Don't call bartender Becca June Conklin a "server" or "barmaid," and definitely don't ask whether she's a dominatrix, as did one guest. The man later apologized, saying it was his first time in the city and he didn't know the proper thing to say.
"Just treat me like a normal human being," said Conklin, who works behind the stick at Bourbon O Bar in the Bourbon Orleans Hotel. "Just because you're in New Orleans doesn't mean you can be obscene. You're still in polite society."
Not so long ago, taverns weren't considered any place for politeness or, for that matter, women. It wasn't that long ago that women were barred from many drinking establishments, but now they're playing a more prominent role behind the bar, crafting drinks and setting trends.
At the 1968 national conference of the National Organization for Women (NOW), feminists were still tackling men-only bars as a civil rights issue, writes historian Georgina Hickey in her article "Barred from the Barroom."
In 1969, NOW activists staged nationwide "drink-ins." Hickey notes that some bar owners protested that women couldn't be trusted to know how to pay a check or tip; others said that bars were the "last stronghold of masculinity" and business lunches were better left to men. Women famously stormed the Sazerac Bar at the Roosevelt Hotel in 1949, and in the early 1970s, NOW took action against establishments in New Orleans, including at the Hotel Monteleone and its men-only bar.
During that era, Lu Brow idolized Gunsmoke's Miss Kitty, the saloonkeeper who was a "feminine power figure, operating in a man's world. She kept everyone in line," says Brow, a bartender at Cafe Adelaide and the Swizzle Stick Bar.
Culturally, Miss Kitty might have helped the cause. Legally, feminists scored a groundbreaking victory in 1970, when a federal judge ruled (Seidenberg v. McSorley's Old Ale House) that having a liquor license was enough to trigger the 14th Amendment's equal protection clause.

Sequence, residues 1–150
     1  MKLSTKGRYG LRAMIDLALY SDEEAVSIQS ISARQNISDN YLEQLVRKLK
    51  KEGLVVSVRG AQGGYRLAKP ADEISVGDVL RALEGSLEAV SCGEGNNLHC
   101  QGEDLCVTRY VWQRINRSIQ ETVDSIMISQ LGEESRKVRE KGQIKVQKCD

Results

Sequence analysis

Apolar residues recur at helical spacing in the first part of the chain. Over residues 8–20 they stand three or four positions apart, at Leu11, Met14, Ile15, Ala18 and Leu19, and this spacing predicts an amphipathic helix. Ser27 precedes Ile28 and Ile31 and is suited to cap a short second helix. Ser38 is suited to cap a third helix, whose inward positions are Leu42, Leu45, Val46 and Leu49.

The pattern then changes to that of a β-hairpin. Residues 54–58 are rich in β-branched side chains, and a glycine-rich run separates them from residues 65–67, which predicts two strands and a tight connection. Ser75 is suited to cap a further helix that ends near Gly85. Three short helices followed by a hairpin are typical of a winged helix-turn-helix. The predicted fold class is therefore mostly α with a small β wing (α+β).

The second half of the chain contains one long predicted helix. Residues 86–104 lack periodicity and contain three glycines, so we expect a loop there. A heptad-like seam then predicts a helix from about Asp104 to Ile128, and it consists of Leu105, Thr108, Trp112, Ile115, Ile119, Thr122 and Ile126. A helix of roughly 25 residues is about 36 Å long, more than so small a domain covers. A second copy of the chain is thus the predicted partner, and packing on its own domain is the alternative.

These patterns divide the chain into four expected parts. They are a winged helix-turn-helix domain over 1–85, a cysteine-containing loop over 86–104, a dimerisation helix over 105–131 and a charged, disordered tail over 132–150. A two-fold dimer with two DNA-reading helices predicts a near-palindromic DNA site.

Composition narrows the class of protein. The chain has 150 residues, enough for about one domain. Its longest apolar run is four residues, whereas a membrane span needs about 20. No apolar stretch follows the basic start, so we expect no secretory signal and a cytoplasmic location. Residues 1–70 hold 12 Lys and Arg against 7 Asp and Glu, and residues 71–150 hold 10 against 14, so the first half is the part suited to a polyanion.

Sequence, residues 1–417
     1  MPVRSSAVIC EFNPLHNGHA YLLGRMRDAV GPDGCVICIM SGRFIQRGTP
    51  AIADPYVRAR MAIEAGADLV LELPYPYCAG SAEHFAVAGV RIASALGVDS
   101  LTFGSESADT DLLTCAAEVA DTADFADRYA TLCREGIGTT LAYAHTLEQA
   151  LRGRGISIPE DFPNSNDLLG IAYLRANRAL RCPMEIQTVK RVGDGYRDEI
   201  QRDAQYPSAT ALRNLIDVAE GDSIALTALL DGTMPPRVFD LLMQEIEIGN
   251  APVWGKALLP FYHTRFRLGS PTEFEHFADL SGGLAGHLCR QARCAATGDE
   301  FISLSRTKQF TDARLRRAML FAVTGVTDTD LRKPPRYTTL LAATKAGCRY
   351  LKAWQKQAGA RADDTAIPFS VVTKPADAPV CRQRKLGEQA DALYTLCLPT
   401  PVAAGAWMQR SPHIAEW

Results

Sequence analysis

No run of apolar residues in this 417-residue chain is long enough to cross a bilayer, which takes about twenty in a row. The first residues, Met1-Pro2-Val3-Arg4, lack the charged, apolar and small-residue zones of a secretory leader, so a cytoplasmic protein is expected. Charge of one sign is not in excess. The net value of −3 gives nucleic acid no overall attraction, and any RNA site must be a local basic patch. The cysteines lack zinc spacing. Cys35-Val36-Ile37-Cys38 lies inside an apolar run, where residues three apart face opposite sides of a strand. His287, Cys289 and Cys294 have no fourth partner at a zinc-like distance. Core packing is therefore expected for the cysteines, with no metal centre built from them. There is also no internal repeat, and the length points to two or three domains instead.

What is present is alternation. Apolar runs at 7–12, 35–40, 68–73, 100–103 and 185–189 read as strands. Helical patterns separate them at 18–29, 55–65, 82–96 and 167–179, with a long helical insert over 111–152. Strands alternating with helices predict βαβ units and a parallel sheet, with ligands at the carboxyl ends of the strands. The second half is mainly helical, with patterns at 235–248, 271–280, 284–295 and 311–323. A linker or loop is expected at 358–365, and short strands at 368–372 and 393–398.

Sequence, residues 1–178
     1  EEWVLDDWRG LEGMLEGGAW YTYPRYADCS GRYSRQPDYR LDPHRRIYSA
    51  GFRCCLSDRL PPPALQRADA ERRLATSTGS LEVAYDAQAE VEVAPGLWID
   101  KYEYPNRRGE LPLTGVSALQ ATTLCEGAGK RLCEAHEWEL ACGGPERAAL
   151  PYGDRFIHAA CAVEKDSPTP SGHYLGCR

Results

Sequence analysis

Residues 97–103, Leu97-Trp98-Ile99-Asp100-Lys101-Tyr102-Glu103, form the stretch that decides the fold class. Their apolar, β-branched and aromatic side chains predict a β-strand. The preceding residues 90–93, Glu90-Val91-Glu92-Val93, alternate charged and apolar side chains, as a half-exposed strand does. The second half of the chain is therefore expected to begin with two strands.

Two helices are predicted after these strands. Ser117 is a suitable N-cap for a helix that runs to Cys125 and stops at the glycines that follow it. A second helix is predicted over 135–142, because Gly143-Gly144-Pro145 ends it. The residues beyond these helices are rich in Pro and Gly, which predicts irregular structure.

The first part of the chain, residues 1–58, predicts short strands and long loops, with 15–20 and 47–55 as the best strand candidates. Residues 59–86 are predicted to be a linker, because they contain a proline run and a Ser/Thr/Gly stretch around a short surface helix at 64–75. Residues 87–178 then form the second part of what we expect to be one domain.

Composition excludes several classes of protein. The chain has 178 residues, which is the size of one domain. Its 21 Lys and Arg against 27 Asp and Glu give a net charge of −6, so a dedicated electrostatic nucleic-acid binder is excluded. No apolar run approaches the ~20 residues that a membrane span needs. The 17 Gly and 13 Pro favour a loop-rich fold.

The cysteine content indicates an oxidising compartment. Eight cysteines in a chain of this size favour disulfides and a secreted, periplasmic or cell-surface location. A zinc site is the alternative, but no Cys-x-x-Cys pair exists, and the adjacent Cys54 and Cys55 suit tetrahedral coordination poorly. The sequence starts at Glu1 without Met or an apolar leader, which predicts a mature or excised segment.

By that decade's end, bars were begging for women to come, offering "ladies night" discounts and drinks specials.
Soon after that, Cheryl Charming took her first bartending job, at a cabaret nightclub in Arkansas. Raunchy drink names, she says, reflected the times.
"The bar has a subtle sexual nature to it," says Charming, who manages Bourbon O Bar. She still gets her share of propositions. "Guys will ask, 'What time do you get off?' They're always surprised when I say 4 a.m., because the bar closes at 2 a.m. They don't realize that I have to stay and clean up and restock the bar."
Like their male counterparts, women bartenders haul ice, stock cases of liquor, take out trash and move kegs. "You can't be a wimp," says Charming.
And, of course, everyone in the business has to make exceptional drinks, in a time of craft standards and shifting flavor stereotypes. Forty years after women staked their claim to bar stools, they're knocking back whiskey shots. "Gender differences in taste have definitely broken down," notes SoBou bartender Abigail Gullo.
Charming's hotel bar often draws male convention-goers who drink alone, where "nobody will ever see them again," she says. "So they'll order a frozen daiquiri or pina colada, real frou-frou drinks."
That same anonymity, coupled with booze, can make for outrageous behavior. Charming coached Conklin on how to deflect it, and empowers her entire staff by giving them a say in new hires and programming, and crediting them by name on the menu for their specialty drinks.
While the bar as a workplace still has its issues, it trumped other careers for Gullo, who was initially drawn to theater and then teaching. "An actor is at the mercy of other people, especially during auditions, and while I loved teaching, it's a thankless job," she says. "Bartending has empowered me, financially and emotionally. It gives me more control in my life."